Warning about negative mental health effects of the pandemic

Professor of Public Mental Health advises vigilance, in light of the long-term negative impacts of previous epidemics
Warning about negative mental health effects of the pandemic

Prof Ella Arensman, Professor of Public Mental Health at UCC, said that although there was no rise in suicide in the first months of Covid-19, we must be vigilant regarding long-term negative impacts of the pandemic.

Suicides did not increase significantly in the first months of the pandemic, according to the first worldwide study of its kind since March 2020.

However, Ireland's first Professor of Public Mental Health, one of the authors of the study, says we need to keep “vigilant”.

Ella Arensman, University College Cork Professor of Public Mental Health, said the study underlines the importance of prioritising access to real-time suicide mortality data at national level in Ireland.

"In most of the countries in this study, there were no indications of an increase in suicide during Covid-19 wave one,” Professor Arensman, who is also chief scientist with the National Suicide Research Foundation, said: 

We have to remain vigilant as evidence from previous epidemics and pandemics has shown long-term negative impacts on mental health and suicidal behaviour. 

It is the first study to examine suicides occurring around the world during the Covid-19 pandemic.

It finds that in high-income and upper-middle-income countries, suicide numbers have remained largely unchanged or declined in the early months of the pandemic, compared with expected levels.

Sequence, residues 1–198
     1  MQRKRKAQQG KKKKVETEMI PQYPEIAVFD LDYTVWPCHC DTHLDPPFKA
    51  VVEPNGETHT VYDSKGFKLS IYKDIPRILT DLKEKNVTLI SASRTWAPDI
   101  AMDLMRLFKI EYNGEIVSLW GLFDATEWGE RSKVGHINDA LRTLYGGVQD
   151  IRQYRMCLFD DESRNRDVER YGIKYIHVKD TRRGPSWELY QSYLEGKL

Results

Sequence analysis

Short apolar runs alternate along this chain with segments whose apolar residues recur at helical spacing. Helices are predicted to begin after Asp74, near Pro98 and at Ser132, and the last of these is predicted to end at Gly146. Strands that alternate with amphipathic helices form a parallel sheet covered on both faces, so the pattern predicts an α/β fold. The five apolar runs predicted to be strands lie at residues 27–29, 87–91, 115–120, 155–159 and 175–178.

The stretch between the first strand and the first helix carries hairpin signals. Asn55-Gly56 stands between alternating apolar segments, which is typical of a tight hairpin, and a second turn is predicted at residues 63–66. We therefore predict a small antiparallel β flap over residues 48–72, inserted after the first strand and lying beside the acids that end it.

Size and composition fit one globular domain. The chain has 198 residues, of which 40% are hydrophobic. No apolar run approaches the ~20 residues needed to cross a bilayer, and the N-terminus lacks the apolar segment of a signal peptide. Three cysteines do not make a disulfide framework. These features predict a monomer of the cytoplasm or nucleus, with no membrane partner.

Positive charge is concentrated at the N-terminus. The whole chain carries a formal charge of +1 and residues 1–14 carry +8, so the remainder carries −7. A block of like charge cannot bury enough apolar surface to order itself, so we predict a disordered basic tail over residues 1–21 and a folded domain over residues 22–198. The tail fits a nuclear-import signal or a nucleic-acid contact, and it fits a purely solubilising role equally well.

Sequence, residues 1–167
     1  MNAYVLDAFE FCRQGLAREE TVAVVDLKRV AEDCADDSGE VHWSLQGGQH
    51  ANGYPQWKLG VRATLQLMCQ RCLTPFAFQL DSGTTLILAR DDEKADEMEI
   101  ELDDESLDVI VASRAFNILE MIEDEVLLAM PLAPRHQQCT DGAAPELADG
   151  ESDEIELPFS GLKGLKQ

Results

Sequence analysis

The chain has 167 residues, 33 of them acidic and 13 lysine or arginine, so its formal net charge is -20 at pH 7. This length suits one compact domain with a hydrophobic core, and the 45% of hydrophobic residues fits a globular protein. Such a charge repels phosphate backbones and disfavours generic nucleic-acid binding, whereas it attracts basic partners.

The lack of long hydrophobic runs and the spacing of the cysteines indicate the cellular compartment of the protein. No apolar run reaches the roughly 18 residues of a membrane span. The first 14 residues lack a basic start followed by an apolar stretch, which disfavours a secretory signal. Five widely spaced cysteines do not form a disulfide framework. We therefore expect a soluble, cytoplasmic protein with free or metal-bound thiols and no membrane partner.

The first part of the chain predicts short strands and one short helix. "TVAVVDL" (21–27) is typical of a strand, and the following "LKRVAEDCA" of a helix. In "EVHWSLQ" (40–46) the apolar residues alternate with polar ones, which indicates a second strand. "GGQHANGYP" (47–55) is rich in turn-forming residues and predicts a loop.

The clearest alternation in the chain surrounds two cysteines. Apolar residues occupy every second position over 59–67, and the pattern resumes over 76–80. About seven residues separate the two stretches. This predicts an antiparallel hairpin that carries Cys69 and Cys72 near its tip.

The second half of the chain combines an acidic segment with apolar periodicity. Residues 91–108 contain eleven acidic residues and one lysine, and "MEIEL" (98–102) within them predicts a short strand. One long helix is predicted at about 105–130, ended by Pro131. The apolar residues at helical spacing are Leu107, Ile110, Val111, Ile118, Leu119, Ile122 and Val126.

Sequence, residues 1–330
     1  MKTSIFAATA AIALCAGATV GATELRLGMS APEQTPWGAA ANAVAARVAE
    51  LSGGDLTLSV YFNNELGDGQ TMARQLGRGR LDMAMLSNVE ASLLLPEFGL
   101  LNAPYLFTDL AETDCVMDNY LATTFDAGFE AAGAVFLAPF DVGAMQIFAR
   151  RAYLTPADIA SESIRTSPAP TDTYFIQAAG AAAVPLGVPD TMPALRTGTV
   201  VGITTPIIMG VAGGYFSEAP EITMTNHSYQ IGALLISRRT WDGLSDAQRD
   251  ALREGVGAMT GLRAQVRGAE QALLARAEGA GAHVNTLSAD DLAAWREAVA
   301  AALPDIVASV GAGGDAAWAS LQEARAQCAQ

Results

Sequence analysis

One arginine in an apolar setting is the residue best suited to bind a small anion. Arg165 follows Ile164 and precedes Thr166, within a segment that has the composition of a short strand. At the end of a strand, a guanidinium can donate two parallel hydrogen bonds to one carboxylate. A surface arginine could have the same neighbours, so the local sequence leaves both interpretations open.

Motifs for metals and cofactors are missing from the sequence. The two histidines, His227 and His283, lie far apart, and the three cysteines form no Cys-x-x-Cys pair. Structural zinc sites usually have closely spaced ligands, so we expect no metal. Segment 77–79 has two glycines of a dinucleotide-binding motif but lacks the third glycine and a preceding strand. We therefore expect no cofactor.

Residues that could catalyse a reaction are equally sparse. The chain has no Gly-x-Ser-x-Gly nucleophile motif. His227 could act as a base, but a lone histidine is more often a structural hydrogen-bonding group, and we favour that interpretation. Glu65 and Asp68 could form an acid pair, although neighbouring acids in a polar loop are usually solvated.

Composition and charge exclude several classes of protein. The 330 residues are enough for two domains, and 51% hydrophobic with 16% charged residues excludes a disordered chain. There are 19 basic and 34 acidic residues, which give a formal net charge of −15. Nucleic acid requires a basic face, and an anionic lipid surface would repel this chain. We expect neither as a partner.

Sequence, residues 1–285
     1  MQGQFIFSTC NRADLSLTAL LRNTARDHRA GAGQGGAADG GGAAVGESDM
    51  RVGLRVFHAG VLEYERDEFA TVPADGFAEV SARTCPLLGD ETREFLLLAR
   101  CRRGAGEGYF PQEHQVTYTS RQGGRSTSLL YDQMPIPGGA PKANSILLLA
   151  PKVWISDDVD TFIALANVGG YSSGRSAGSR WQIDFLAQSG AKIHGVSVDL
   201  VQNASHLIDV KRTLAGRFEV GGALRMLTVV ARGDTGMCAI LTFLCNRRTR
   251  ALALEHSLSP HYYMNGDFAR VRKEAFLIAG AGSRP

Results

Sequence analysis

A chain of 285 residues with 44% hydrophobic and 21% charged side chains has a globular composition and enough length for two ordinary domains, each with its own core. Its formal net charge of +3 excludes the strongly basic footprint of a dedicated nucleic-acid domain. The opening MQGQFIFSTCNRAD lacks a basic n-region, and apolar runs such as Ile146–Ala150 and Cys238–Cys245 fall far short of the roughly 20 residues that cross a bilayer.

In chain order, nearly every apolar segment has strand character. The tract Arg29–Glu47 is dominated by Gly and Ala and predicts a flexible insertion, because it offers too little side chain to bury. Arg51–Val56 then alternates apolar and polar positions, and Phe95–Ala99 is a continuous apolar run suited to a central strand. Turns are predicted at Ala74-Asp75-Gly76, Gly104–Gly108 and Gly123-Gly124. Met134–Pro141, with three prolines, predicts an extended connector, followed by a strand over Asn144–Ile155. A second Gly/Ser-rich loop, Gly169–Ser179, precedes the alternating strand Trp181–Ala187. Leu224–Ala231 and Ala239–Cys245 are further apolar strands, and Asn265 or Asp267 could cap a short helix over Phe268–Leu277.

Governments 'should be poised to respond'

However, the authors stress that governments must remain vigilant as the longer-term mental health and economic effects of the pandemic unfolds, and should be poised to respond if the situation changes.

The authors of the study published in 'The Lancet Psychiatry' warn that, while it gathers the best available evidence, it is only a snapshot of the first few months of the crisis, and its effects on suicide may not present immediately. 
The authors of the study published in 'The Lancet Psychiatry' warn that, while it gathers the best available evidence, it is only a snapshot of the first few months of the crisis, and its effects on suicide may not present immediately. 

The study, published in The Lancet Psychiatry, looked at the numbers of suicides in 21 countries between April 1 and July 31, 2020, and compared these with trends in the previous one to four years.

The authors say that, while this study provides the best available evidence on the pandemic’s effects on suicide so far, it only provides a snapshot of the first few months of the pandemic and effects on suicide might not necessarily occur immediately.

Lead author, Professor Jane Pirkis, director of the Centre for Mental Health at the University of Melbourne, Australia, said: “We need to continue to monitor the data and be alert to any increases in suicide.

Policymakers should recognise the importance of high-quality, timely data to support suicide prevention efforts, and should work to mitigate suicide risk factors associated with Covid-19, such as the heightened levels of stress and financial difficulties that some people may experience as a result of the pandemic.

“Increasing mental health services and suicide prevention programmes, and providing financial safety nets may help to prevent the possible longer-term detrimental effects of the pandemic on suicide.” 

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